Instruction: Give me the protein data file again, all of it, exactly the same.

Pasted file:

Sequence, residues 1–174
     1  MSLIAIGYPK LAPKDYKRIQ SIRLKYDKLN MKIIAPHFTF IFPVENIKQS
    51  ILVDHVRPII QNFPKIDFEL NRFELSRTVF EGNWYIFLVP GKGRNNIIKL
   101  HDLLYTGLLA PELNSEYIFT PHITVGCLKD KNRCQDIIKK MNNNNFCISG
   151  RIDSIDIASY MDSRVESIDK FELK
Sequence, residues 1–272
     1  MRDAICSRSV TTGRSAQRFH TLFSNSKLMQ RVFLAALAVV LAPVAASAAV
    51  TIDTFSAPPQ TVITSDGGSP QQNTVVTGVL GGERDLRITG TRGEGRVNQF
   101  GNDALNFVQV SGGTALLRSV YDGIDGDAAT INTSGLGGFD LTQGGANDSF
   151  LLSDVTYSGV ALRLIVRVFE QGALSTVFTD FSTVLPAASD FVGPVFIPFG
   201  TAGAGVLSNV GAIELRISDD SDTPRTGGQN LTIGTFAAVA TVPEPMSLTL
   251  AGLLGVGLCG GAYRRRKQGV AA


Sequence, residues 1–174
     1  MSLIAIGYPK LAPKDYKRIQ SIRLKYDKLN MKIIAPHFTF IFPVENIKQS
    51  ILVDHVRPII QNFPKIDFEL NRFELSRTVF EGNWYIFLVP GKGRNNIIKL
   101  HDLLYTGLLA PELNSEYIFT PHITVGCLKD KNRCQDIIKK MNNNNFCISG
   151  RIDSIDIASY MDSRVESIDK FELK
Sequence, residues 1–272
     1  MRDAICSRSV TTGRSAQRFH TLFSNSKLMQ RVFLAALAVV LAPVAASAAV
    51  TIDTFSAPPQ TVITSDGGSP QQNTVVTGVL GGERDLRITG TRGEGRVNQF
   101  GNDALNFVQV SGGTALLRSV YDGIDGDAAT INTSGLGGFD LTQGGANDSF
   151  LLSDVTYSGV ALRLIVRVFE QGALSTVFTD FSTVLPAASD FVGPVFIPFG
   201  TAGAGVLSNV GAIELRISDD SDTPRTGGQN LTIGTFAAVA TVPEPMSLTL
   251  AGLLGVGLCG GAYRRRKQGV AA